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How to Convert Python Unicode to String

Unicode strings can be encoded in plain strings to whichever encoding you choose. Python Unicode character is the abstract object big enough to hold the character, analogous to Python’s long integers. If the string only contains ASCII characters, use the str() function to convert it into a string.

data = u"xyzw"
app = str(data)
print(app)

Output

xyzw

If you have a Unicode string, and you need to write this to a file, or other serialized form, you must first encode it into a particular representation that can be saved.

There are numerous common Unicode encodings, such as UTF-16 (which uses two bytes for most Unicode characters) or UTF-8 ( which uses1-4 bytes/codepoint depending on the character), etc.

To convert that string into a particular encoding, you can use the following code.

data = u'£21'
app = data.encode('UTF-8')
print(app)

new = data.encode('UTF-16')
print(new)

Output

b'\xc2\xa321'
b'\xff\xfe\xa3\x002\x001\x00'

So, we got the output in bytes.

To convert bytes to string, use the decode() function.

data = u'£21'
app = data.encode('UTF-8')
print(app.decode())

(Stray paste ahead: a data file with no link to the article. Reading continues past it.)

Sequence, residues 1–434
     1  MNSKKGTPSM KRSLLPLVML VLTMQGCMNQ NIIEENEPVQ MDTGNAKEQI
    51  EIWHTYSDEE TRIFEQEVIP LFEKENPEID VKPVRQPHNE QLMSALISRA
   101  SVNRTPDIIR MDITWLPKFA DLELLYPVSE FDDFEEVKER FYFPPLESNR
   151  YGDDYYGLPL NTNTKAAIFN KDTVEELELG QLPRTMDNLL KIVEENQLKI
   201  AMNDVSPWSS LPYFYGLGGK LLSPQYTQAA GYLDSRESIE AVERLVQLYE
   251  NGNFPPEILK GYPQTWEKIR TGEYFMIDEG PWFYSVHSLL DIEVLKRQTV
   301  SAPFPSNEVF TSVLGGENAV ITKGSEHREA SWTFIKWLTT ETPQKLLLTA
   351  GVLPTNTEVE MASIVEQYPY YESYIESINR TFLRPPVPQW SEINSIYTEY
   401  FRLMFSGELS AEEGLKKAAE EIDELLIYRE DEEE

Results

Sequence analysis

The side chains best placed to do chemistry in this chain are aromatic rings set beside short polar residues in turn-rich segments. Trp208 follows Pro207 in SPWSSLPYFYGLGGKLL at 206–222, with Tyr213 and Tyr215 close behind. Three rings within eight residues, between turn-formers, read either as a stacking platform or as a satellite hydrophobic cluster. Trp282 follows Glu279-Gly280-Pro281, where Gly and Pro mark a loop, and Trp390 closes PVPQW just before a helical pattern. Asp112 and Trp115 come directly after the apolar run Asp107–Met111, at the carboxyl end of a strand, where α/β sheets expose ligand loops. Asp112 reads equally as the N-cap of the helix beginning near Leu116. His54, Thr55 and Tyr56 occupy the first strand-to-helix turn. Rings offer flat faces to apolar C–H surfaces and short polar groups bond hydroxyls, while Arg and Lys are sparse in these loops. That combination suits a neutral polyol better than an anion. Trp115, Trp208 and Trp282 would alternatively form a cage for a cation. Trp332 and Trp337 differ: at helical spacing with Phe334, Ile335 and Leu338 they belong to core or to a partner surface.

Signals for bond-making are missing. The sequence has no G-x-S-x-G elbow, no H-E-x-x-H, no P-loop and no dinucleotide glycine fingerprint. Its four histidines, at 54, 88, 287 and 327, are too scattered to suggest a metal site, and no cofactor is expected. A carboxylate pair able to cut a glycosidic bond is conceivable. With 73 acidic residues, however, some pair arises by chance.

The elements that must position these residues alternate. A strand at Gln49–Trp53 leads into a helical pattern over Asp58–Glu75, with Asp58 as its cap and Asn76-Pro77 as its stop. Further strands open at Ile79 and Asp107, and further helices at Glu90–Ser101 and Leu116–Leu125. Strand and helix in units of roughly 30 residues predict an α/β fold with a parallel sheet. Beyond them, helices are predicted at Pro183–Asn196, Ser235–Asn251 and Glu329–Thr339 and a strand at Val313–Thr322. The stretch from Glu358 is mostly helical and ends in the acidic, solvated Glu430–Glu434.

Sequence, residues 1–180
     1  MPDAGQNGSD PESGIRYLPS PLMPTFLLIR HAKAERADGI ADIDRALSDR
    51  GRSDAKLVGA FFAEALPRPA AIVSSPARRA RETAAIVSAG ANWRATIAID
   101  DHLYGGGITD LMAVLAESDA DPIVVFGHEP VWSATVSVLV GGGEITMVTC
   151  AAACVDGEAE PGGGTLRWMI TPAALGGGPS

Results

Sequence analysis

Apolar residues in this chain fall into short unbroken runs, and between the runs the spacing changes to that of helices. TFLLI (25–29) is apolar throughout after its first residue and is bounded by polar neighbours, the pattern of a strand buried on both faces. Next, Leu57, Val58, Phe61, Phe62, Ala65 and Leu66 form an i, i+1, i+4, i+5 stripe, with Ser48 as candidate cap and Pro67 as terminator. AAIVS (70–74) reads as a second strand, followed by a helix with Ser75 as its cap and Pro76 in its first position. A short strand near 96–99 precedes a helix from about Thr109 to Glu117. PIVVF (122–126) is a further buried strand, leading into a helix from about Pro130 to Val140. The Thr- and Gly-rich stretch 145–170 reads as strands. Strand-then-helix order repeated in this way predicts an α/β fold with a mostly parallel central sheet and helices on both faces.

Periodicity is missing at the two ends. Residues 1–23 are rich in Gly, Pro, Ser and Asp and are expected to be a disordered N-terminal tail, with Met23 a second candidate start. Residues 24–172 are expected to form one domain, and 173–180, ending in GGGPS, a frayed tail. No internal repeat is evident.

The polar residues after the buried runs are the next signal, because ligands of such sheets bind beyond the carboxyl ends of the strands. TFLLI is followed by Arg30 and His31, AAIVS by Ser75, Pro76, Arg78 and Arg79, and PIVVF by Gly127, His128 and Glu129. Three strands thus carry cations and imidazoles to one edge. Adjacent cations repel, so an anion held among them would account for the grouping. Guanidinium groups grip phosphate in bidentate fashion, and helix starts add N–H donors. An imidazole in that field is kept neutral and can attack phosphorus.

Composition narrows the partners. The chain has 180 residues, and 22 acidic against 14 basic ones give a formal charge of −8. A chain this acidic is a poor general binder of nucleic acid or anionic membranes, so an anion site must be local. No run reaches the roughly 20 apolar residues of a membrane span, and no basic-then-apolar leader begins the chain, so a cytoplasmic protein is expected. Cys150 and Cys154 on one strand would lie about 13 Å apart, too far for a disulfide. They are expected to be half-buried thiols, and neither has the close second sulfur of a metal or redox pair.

new = data.encode('UTF-16')
print(new.decode('UTF-16'))

Output

£21
£21

You can see that we got our original strings.

Convert Python Unicode to String

To convert Python Unicode to string, use the unicodedata.normalize() function. The Unicode standard defines various normalization forms of a Unicode string, based on canonical equivalence and compatibility equivalence.

For each character, there are two normal forms:

  1. normal form C
  2. normal form D

The normal form D (NFD) is also known as canonical decomposition and translates each character into its decomposed form. Normal form C (NFC) first applies a canonical decomposition, then composes pre-combined characters again.

Syntax

unicodedata.normalize(form, unistr)

The normal form KD (NFKD) will apply the compatibility decomposition, for example, replace all compatibility characters with their equivalents. The normal form KC (NFKC) first applies the compatibility decomposition, followed by the canonical composition.

Even if two Unicode strings are normalized and look the same to a human reader, if one has combining characters and doesn’t, they may not compare equal.

Example

import unicodedata

title = u"André skräms inför på fédéral électoral Verhältnismäßigkeit"

nData = unicodedata.normalize('NFKD', title).encode('ASCII', 'ignore')
print(nData)

Output

b'Andre skrams infor pa federal electoral Verhaltnismaigkeit'

You can see that in the output, we got the encoded bytes string, and now we can decode it to get Python string using string decode() function.

import unicodedata

title = u"André skräms inför på fédéral électoral Verhältnismäßigkeit"

nData = unicodedata.normalize('NFKD', title).encode('ASCII', 'ignore')
print(nData.decode())

Output

Andre skrams infor pa federal electoral Verhaltnismaigkeit

As you can see that now we got the plain string in the output. So, we have completely transformed the uniform to string in Python. That is it for this Python Unicode to String tutorial.

See also

Python String to Bytes

Python b-string

Python String to Hex

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